Author Topic: Buying things that you think will go down in value  (Read 4914 times)

Reepekg

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Buying things that you think will go down in value
« on: July 19, 2013, 09:24:33 AM »
It has been said around here that people get happy when their investments go down (in their wealth accumulation phase), because that means the stock market is on sale, etc. If one takes this to its logical conclusion, a 28 year old like me with an investment time horizon of forever should target buying things that have a gloomy outlook for the next 5-10 years. This assumes that one regularly invests during these down years.

Here is an example. A lot of people say donít buy long term bonds because interest rates are historically very low and likely to go up. Letís say I think that sounds like a reasonable prediction. Iím looking at BLV and thinking, this thing has to go down for a while when interest rates rise. It looks like it is already happening. Iím going to automate a $100/mo investment forever and smile when bonds are the hot thing again in like 20 years or when interest rates get slashed in the next economic crisis.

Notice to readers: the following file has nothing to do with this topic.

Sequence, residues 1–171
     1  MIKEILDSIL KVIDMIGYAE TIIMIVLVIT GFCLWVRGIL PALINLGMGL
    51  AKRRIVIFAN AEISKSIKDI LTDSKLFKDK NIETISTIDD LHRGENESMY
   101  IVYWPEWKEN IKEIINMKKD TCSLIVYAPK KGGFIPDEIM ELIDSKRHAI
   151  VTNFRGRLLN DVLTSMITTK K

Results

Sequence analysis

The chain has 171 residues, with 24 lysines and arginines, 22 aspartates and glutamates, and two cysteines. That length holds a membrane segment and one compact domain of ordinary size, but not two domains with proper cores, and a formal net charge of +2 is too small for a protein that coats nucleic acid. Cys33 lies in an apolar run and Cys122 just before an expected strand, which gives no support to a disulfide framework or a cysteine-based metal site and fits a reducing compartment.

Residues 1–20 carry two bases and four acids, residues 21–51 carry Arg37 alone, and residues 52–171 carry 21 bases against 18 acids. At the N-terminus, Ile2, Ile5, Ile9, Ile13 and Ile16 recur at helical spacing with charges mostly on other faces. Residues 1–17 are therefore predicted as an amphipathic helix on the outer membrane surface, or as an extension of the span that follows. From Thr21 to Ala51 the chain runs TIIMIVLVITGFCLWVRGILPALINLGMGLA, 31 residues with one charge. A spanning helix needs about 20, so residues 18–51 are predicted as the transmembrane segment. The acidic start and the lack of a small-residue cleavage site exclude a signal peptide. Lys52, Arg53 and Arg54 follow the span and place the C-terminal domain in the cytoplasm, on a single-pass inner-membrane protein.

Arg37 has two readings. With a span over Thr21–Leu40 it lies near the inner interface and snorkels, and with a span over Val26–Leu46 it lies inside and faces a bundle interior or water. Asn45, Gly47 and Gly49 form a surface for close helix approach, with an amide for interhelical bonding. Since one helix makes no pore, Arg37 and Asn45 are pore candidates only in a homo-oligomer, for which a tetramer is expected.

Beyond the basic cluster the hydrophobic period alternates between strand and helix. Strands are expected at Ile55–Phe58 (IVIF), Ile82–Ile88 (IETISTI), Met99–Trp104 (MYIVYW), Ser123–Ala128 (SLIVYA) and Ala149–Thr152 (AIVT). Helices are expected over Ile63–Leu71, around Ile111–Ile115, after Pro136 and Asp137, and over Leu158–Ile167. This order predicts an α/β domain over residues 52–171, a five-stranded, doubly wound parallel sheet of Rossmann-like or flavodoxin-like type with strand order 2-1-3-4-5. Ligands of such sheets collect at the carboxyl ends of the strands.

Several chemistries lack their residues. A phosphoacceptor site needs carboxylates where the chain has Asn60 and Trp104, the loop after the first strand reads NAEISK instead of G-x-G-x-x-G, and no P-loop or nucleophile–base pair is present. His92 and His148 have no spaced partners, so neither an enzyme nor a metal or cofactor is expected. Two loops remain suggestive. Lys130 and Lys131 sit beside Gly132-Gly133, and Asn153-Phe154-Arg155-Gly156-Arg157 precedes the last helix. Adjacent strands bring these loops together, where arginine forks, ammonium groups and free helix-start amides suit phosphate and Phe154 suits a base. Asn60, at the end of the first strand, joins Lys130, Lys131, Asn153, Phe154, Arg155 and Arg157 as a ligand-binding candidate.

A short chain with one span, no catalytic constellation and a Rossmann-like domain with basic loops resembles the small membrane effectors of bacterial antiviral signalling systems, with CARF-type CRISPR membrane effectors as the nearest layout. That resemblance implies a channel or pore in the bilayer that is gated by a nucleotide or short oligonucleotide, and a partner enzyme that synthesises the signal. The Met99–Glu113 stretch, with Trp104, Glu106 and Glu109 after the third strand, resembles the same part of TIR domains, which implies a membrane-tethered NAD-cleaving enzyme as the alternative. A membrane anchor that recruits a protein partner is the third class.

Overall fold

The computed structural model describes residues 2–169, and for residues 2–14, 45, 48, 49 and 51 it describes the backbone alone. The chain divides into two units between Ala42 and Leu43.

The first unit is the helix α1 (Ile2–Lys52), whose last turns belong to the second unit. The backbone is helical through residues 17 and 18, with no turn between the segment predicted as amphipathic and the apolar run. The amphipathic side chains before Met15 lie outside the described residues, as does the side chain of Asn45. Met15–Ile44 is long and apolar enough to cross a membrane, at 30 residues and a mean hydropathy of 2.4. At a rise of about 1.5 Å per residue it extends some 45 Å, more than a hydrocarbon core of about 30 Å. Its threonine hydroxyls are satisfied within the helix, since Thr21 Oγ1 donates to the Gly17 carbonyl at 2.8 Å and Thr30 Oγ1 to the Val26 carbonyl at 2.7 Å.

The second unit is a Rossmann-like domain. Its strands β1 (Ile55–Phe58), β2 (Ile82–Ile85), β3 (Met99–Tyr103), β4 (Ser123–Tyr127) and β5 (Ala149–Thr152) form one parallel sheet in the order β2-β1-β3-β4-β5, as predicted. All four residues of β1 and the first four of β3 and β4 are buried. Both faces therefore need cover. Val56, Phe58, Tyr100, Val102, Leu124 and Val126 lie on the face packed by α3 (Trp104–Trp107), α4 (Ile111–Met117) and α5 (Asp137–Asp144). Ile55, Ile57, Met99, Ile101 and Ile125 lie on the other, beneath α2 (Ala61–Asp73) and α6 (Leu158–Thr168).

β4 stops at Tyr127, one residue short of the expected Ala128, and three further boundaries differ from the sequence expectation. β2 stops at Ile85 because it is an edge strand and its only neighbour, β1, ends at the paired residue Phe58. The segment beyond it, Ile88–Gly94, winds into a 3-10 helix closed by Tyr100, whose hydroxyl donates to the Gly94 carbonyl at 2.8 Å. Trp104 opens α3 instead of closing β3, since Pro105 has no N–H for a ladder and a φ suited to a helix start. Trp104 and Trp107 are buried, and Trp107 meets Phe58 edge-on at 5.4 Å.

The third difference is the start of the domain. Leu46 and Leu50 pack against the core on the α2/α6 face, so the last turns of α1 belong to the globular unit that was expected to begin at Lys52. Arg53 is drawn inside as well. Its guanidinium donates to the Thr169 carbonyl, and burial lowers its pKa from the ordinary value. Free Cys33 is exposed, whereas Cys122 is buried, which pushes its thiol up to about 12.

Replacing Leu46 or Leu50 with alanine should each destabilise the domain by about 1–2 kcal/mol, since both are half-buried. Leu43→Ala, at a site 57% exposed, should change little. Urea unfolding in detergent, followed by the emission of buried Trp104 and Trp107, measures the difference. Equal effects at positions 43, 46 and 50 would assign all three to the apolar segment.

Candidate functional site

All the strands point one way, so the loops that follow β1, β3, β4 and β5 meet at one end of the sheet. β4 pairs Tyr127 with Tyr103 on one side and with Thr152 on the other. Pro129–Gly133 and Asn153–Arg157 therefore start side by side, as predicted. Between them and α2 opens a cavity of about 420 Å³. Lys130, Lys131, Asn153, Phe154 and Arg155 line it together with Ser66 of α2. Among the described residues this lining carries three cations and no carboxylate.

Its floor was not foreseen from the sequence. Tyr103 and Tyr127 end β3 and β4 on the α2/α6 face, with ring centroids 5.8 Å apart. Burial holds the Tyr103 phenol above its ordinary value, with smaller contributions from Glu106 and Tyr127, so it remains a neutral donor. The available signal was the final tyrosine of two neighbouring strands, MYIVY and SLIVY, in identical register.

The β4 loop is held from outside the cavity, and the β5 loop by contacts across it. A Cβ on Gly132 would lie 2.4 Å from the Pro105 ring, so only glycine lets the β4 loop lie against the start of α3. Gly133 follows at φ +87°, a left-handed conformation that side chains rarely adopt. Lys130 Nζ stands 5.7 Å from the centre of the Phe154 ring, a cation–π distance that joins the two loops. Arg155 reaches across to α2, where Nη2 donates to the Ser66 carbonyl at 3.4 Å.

I suspect there is something fishy with this kind of long term strategy. It feels like market timing. Business cycle timing? Does missing out on high average yearly returns overwhelm potential benefit? Please poke holes and maybe I can learn something.

Kazimieras

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Re: Buying things that you think will go down in value
« Reply #1 on: July 19, 2013, 09:46:29 AM »
I suspect there is something fishy with this kind of long term strategy. It feels like market timing. Business cycle timing? Does missing out on high average yearly returns overwhelm potential benefit? Please poke holes and maybe I can learn something.